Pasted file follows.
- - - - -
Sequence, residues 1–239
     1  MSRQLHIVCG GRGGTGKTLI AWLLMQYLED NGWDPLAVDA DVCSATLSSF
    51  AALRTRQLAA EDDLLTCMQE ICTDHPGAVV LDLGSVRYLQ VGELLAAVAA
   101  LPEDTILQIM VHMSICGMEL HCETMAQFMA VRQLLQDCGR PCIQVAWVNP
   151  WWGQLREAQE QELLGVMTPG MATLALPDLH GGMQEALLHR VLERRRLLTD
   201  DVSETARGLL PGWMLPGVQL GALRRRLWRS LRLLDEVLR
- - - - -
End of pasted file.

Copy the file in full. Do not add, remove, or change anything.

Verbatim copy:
Sequence, residues 1–239
     1  MSRQLHIVCG GRGGTGKTLI AWLLMQYLED NGWDPLAVDA DVCSATLSSF
    51  AALRTRQLAA EDDLLTCMQE ICTDHPGAVV LDLGSVRYLQ VGELLAAVAA
   101  LPEDTILQIM VHMSICGMEL HCETMAQFMA VRQLLQDCGR PCIQVAWVNP
   151  WWGQLREAQE QELLGVMTPG MATLALPDLH GGMQEALLHR VLERRRLLTD
   201  DVSETARGLL PGWMLPGVQL GALRRRLWRS LRLLDEVLR